More than half of Silicon Valley's start ups of the last decade were founded by at least one immigrant, according to Benjamin Pimentel, a staff writer for the San Francisco Chronicle. Citing a Duke University study, the article says that nationwide, about one-fourth of start ups have immigrant founders.
I guess we should call this in-sourcing. This should come as no surprise. I believe the better parts of America's history are filled with stories of people who came here because this is supposed to be the land of opportunity, and they took advantage of those immigrants. This survey is well-timed. The US Congress next week will take up changes in US immigration laws and many feel it portends to be an ugly discussion.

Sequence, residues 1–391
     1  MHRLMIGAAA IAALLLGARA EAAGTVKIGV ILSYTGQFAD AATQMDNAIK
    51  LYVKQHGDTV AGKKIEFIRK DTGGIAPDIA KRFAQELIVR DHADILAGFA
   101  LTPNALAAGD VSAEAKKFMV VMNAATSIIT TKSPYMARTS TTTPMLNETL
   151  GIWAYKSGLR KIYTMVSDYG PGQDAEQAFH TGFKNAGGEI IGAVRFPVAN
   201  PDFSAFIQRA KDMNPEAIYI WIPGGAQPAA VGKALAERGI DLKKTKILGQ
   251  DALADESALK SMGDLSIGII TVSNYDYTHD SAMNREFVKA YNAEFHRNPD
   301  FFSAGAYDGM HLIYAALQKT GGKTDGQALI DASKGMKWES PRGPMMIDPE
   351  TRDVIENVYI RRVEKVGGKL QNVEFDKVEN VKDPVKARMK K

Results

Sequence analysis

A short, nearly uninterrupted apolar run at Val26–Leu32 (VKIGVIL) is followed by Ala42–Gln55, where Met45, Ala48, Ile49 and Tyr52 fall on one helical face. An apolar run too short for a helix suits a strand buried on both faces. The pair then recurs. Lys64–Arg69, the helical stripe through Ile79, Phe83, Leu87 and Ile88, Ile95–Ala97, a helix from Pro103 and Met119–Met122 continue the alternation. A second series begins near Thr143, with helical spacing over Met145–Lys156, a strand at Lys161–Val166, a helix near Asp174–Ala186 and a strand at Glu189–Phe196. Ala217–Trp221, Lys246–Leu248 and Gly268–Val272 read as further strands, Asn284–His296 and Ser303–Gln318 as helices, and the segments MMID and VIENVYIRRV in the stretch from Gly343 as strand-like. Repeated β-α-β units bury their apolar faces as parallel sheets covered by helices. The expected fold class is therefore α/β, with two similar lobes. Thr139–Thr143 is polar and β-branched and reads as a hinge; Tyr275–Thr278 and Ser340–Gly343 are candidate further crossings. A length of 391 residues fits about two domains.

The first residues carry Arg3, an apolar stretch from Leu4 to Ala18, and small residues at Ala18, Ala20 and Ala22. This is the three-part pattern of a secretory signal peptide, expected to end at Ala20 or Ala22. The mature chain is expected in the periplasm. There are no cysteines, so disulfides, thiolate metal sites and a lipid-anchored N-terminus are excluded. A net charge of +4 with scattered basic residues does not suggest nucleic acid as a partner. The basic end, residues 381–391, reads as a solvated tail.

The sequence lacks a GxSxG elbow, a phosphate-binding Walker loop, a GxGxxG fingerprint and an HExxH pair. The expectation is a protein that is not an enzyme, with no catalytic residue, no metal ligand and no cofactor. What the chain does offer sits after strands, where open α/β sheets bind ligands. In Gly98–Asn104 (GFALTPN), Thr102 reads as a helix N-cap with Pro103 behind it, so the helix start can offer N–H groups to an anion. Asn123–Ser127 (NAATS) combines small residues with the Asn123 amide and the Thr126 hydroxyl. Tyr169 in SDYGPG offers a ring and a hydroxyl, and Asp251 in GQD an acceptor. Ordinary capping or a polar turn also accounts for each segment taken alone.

This issue is relevant to Global Neighborhoods because technology may make it less necessary for the world's best and brightest visionary technologists to cluster here in Silicon Valley. In short, the flattening world may mean that the Andy Grove, Vinod Khosla and Sergey Brin, Alexander Hamilton, Andrew Carnegie of the future may not have to come here, robbing America of its ability to attract so many of the world's best and brightest.